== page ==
Chevron Left
Game Theory II: Advanced Applications に戻る

スタンフォード大学(Stanford University) による Game Theory II: Advanced Applications の受講者のレビューおよびフィードバック



Popularized by movies such as "A Beautiful Mind", game theory is the mathematical modeling of strategic interaction among rational (and irrational) agents. Over four weeks of lectures, this advanced course considers how to design interactions between agents in order to achieve good social outcomes. Three main topics are covered: social choice theory (i.e., collective decision making and voting systems), mechanism design, and auctions. In the first week we consider the problem of aggregating different agents' preferences, discussing voting rules and the challenges faced in collective decision making. We present some of the most important theoretical results in the area: notably, Arrow's Theorem, which proves that there is no "perfect" voting system, and also the Gibbard-Satterthwaite and Muller-Satterthwaite Theorems. We move on to consider the problem of making collective decisions when agents are self interested and can strategically misreport their preferences. We explain "mechanism design" -- a broad framework for designing interactions between self-interested agents -- and give some key theoretical results. Our third week focuses on the problem of designing mechanisms to maximize aggregate happiness across agents, and presents the powerful family of Vickrey-Clarke-Groves mechanisms. The course wraps up with a fourth week that considers the problem of allocating scarce resources among self-interested agents, and that provides an introduction to auction theory. You can find a full syllabus and description of the course here: There is also a predecessor course to this one, for those who want to learn or remind themselves of the basic concepts of game theory: An intro video can be found here:




This was a wonderful and very mathematically intensive course, but completing all the quizzes gave a great sense of accomplishment and developed my understanding of game theory and its various facets.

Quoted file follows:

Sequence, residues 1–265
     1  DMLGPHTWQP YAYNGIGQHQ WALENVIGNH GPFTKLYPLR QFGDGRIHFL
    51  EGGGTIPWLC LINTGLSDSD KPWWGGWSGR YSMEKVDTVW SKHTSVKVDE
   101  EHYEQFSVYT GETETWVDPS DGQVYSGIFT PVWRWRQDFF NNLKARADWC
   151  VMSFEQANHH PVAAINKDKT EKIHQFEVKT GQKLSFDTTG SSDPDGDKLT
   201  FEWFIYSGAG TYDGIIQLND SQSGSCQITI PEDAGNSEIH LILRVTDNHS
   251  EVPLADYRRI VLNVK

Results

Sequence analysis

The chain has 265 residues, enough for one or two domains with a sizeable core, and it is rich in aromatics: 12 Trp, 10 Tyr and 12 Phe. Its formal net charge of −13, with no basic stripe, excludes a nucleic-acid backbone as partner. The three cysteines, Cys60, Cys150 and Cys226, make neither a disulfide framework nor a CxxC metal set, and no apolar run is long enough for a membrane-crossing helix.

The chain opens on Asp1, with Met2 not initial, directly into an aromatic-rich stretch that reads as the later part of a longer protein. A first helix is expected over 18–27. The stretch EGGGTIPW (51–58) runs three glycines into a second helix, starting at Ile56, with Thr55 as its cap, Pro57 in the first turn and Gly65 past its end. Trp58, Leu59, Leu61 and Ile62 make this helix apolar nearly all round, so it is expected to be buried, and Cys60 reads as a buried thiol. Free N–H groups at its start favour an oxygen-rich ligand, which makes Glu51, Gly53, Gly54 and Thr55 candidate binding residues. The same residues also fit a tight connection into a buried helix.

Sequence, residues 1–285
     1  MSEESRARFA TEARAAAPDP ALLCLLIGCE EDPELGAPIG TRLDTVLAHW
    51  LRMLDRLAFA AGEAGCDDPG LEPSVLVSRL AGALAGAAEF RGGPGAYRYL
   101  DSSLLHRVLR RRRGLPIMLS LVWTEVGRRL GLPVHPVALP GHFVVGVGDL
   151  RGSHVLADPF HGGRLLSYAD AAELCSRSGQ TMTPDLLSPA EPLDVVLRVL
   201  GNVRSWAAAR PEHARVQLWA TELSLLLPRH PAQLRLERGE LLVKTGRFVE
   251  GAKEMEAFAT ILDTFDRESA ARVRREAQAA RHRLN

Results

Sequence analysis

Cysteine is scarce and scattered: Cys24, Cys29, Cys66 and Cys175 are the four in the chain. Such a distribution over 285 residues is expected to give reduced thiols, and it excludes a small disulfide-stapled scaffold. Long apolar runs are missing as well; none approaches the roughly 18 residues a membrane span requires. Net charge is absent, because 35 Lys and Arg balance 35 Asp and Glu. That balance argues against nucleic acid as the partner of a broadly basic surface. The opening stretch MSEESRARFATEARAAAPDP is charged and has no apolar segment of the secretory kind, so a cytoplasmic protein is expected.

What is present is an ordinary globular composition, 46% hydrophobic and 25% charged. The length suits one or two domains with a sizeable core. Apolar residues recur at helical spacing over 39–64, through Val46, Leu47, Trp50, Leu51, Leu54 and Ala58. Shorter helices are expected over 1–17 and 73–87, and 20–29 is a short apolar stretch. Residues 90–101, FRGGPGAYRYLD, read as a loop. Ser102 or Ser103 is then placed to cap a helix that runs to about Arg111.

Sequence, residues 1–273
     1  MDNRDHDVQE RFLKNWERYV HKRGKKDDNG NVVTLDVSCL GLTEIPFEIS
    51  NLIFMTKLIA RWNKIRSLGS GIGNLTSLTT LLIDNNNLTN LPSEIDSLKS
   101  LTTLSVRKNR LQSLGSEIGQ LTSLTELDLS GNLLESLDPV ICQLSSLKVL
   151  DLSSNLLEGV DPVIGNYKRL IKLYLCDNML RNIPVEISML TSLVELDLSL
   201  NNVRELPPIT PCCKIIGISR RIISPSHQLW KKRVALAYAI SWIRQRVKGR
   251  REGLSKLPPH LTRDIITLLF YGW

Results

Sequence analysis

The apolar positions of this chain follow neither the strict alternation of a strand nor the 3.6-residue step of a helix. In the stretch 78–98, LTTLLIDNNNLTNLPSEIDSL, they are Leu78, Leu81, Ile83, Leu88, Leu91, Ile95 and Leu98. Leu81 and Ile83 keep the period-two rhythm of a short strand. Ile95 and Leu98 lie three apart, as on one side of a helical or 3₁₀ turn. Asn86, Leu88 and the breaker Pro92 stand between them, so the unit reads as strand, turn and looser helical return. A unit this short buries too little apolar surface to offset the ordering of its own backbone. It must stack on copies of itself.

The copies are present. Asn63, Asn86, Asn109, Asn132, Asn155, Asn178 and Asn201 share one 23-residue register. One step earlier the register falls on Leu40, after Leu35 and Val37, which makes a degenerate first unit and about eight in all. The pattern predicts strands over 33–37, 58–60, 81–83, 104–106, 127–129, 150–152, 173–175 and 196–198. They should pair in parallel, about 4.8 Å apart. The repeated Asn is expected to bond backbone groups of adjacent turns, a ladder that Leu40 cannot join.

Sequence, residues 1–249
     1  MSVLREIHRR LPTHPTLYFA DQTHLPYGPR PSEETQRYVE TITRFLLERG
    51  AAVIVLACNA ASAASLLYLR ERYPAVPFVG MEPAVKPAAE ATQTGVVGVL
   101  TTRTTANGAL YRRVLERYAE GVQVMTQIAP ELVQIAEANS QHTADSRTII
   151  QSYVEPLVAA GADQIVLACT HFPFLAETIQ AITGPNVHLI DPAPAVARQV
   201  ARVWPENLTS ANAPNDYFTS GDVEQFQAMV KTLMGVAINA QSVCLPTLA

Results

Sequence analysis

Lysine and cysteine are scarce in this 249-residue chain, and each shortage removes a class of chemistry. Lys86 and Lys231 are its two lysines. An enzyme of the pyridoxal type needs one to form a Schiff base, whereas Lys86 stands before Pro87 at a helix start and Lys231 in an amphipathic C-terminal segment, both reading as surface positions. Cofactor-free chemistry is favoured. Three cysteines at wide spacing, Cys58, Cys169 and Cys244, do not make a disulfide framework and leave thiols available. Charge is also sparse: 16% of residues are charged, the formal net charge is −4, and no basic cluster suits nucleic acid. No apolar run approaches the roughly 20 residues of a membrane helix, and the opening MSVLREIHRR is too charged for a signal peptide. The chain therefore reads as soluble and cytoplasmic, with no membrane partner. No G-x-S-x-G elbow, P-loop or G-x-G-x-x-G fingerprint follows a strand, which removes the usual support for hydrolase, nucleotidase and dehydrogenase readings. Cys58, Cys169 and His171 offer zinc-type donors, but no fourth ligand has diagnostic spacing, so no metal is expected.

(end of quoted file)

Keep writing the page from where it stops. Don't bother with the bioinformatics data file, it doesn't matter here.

Very interesting! One missing thing: please write explanations for correct/incorrect questions in quizzes. In the basic course, I found them very helpful in understanding why my reasoning was wrong.


Game Theory II: Advanced Applications: 101 - 114 / 114 レビュー

by Arshia S


This course gave me amazing insight into game theory.

by Muhua X


It is very challenging but also interesting

by Javier F G


The quizzes are not well designed.

by carlo p


Excellent skills obtained

by Mufizul I


Very nice

by Fred V


Auction theory is left to the last lecture, and the influence of voting systems on political mechanisms is barely addressed. 3 different people lecturing, with different communication skills and flaws (hesitations, over-notating, abuse of acronyms), make following the course more difficult than it needs to be. These being said, it is clear that the authors more than know their stuff (at least the theoretical part; we would like to see them perform when bargaining in a souk) and bring a lot into the course.

by Cigdem K


The exams did not explain why the wrong answers are wrong. Even after you succeed a test, I expect an explanation of the questions, and the correct answers. Even if I have a correct answer to a question, I don't know if my reasoning is correct..

by Telmo J P P


Interesting, but not as good as part I. Some parts of the syllabus were not explained well enough: a lot of results just come out of thin air, and not a lot of intuitions are given.

by Emil


Diverse course, which covered various topics. For the election processes however one could some illegal practices, which also could lead to a win. A democratic win...

by Martín B


Should have much more real examples. Voting schemes was right, but mechanism design was completely abstract

by Carlos F S T


No es tan bueno como el primero. Sin embargo, tomarlo como continuación es interesante.

by Jeppe v P


Interesting material, but sometimes hard to follow the lectures.

by Bernd K


I'm a little disappointed. I expected more from the course. game theoretic applications are very diverse. Here I miss the economic application of the oligopoly theory. More economic applications will likely require another course. The level of difficulty is not as high as in the game theory course.

by Mohammad Z


poorly explained lectures. you're better off reading a textbook